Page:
The Civil War is still by far the bloodiest war in America’s history. An estimated 620,000 Americans lost their lives–two percent of the population at the time. It should be no surprise that so many ghostly legends have their origins in that conflict.
This collection of boulders on top of a hill in Pennsylvania was called the Devil’s Den even before the Battle of Gettysburg. During the war, it earned the nickname of Slaughter Pen because so many men died there. On the second day of the battle, some 8,000 soldiers fought for this hill. At the end of the battle, 3,000 were dead and a nearby creek literally ran red with blood. Many ghosts are said to haunt the area today, but the most famous is a barefoot, shabbily dressed man in a floppy hat who has been known to give directions to startled visitors, pointing and telling them, “What you’re looking for is over there.”
Related: Traces of the Dead: The Haunted Battleground of Cold Harbor
Confederate General Pierre P.T. Beauregard moved into this mansion in New Orleans’ French Quarter in 1865 immediately after the war. It is not just the general himself who is said to haunt the house. On certain nights, visitors say the Battle of Shiloh is fought once more in the main hall, complete with mangled bodies of men, mules and horses and the smell of gunpowder, blood and death. The Battle of Shiloh in Tennessee was a major battle of the Civil War. It began with a surprise attack by Confederate forces. In the end, General Beauregard was defeated by Union General Ulysses S. Grant. Both sides suffered heavy losses.
Related: The Haunted Grounds of New Orleans’ Beauregard-Keyes House
Although Fort Monroe is located in Virginia, this fort was held by Union forces throughout the Civil War. After the war, Confederate President Jefferson Davis was imprisoned there for two years. His ghost is just one of several said to haunt the fort today. Davis walked the ramparts of the fort daily while he was a prisoner so his wife, who had moved to a house nearby, could get a glimpse of him. He is said to continue his vigil on the ramparts to this day.
The White House
The White House claims several spectres, but Abraham Lincoln’s ghost is the most famous. Many guests at the White House have reported hearing his footsteps outside the Lincoln Bedroom (actually Lincoln’s office), and more than a few have seen the president himself.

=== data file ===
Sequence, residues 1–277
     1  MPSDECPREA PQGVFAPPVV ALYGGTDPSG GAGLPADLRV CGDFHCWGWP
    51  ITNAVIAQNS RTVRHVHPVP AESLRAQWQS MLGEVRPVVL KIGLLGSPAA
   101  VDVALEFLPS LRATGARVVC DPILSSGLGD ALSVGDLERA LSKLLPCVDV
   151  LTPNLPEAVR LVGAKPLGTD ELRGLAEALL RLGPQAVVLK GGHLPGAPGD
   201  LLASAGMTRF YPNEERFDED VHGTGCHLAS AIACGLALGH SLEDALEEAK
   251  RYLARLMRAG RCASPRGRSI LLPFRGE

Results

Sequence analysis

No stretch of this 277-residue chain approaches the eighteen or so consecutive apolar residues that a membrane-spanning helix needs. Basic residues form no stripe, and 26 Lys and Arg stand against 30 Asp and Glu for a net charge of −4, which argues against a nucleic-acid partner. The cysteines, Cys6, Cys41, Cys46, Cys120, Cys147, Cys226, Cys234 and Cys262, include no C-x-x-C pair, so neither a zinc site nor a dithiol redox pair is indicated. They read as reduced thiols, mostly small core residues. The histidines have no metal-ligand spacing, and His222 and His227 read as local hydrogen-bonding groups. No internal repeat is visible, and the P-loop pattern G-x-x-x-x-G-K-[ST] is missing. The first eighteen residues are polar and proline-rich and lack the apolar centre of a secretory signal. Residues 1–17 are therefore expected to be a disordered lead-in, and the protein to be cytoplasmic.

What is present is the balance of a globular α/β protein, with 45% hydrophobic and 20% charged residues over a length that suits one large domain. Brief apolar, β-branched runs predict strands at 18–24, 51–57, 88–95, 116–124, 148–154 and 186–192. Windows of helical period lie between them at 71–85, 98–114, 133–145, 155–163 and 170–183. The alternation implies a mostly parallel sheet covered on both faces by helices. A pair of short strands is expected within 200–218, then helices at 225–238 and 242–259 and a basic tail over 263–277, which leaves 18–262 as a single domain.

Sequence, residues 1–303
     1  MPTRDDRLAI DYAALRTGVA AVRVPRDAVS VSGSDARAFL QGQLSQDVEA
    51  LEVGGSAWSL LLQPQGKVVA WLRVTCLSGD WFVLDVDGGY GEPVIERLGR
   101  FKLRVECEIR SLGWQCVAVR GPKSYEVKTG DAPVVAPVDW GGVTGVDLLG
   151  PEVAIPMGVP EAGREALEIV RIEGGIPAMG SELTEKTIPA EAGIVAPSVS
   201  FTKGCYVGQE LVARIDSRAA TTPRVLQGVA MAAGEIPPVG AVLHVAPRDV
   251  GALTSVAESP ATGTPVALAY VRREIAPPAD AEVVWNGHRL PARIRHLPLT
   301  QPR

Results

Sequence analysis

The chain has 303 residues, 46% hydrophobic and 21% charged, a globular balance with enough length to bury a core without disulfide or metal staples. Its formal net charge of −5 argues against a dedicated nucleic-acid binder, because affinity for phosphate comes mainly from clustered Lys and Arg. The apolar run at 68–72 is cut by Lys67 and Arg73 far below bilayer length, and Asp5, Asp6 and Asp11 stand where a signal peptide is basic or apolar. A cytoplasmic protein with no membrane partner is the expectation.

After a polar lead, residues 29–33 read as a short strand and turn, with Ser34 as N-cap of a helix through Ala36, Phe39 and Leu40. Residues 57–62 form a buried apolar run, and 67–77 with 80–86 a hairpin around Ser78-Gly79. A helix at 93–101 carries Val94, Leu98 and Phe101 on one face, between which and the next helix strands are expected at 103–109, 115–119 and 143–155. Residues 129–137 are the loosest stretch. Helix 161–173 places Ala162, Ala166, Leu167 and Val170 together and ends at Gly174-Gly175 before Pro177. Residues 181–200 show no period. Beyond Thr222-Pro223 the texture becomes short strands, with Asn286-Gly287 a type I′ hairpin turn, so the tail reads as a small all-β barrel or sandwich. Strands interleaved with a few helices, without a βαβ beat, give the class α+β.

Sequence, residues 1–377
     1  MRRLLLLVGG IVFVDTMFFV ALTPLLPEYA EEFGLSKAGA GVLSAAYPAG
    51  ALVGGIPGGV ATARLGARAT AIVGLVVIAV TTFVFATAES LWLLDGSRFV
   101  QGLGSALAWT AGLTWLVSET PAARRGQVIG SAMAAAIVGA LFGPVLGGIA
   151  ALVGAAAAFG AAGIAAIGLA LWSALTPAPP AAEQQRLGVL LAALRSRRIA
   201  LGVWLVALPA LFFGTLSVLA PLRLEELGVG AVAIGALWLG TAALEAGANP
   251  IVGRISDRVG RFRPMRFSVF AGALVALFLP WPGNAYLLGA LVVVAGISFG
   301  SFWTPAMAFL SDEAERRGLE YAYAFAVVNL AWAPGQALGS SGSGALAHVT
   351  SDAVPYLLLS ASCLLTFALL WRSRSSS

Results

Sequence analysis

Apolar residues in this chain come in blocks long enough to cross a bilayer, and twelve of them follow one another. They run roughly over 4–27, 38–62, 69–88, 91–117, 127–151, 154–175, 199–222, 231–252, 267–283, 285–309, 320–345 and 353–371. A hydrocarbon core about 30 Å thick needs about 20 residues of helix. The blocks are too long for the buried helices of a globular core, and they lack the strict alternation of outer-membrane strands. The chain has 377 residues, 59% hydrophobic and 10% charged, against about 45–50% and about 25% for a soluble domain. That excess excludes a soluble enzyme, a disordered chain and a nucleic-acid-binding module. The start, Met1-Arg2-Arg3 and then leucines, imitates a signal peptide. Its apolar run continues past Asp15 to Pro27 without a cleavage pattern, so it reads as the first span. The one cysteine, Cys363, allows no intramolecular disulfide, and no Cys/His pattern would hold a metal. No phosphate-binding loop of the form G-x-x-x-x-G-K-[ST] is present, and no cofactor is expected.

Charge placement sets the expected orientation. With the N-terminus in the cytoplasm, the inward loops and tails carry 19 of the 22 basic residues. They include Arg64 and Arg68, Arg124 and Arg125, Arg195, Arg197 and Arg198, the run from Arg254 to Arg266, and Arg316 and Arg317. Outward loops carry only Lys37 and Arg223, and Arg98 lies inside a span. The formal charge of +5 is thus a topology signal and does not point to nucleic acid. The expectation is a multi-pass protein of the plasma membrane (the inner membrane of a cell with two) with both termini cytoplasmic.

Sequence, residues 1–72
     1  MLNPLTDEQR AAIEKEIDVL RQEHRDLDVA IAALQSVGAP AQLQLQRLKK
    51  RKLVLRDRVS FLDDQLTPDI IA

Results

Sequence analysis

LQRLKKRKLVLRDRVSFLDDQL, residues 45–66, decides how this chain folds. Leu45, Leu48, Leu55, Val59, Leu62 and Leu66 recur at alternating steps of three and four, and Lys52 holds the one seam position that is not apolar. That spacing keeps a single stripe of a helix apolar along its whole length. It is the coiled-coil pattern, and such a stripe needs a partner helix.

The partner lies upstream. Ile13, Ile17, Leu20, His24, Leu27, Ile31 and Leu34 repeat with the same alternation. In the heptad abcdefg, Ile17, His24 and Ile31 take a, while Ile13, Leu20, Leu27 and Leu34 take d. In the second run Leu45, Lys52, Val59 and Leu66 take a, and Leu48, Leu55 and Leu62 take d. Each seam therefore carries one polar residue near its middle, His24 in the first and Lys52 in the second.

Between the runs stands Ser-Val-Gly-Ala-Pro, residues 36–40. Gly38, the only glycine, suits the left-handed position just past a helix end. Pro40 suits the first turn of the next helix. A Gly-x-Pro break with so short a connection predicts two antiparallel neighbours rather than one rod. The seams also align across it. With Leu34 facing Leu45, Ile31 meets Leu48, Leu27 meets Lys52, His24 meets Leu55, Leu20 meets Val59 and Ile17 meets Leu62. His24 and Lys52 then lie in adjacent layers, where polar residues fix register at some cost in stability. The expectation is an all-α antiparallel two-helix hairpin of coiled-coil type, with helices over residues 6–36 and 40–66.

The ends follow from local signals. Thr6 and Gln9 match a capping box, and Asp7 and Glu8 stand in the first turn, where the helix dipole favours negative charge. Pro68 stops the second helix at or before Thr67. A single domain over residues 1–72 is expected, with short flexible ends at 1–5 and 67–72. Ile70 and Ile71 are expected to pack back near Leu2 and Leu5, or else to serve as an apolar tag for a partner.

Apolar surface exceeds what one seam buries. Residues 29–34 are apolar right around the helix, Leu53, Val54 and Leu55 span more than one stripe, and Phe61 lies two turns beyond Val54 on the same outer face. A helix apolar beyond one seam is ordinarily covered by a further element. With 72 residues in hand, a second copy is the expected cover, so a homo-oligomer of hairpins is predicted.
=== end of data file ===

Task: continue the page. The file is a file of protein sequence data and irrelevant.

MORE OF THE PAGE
The first reported sighting was by First Lady Grace Coolidge who said she saw the president in the Yellow Oval Room staring out at the Potomac. Queen Wilhelmina of the Netherlands reportedly fainted when she heard a knock on her bedroom door and opened it to find the president’s ghost in his trademark top hat and frock coat. Theodore Roosevelt, Maureen Reagan, and Winston Churchill are other notable guests who reportedly got a glimpse of Lincoln’s ghost. Churchill is said to have exchanged some polite words with the spectre, but most visitors didn’t have his sang froid. Eleanor Roosevelt’s secretary reportedly ran screaming when she saw Lincoln putting on his boots. Eleanor Roosevelt herself never saw Lincoln’s ghost but said she often felt his presence in the house.
Related: Honest Abe’s Not-So-True Crime Tale
About 1,000 Confederate soldiers and 300 Union soldiers lost their lives in the Battle of Kolb’s Farm, fought near Marietta, Georgia. By Civil War standards, that makes it only a minor skirmish. The original farmhouse still stands, but it seems the restless dead prefer a more modern housing development called Kolb Ridge Court which was built on land that once belonged to the farm. At least three families in Kolb Ridge Court have discovered Civil War soldiers walking through their homes. One family even claimed that a ghost had moved into their guest room.
Featured photo: Hulton Archive / Getty Images; Additional photo: Amy the Nurse / Flickr (CC)
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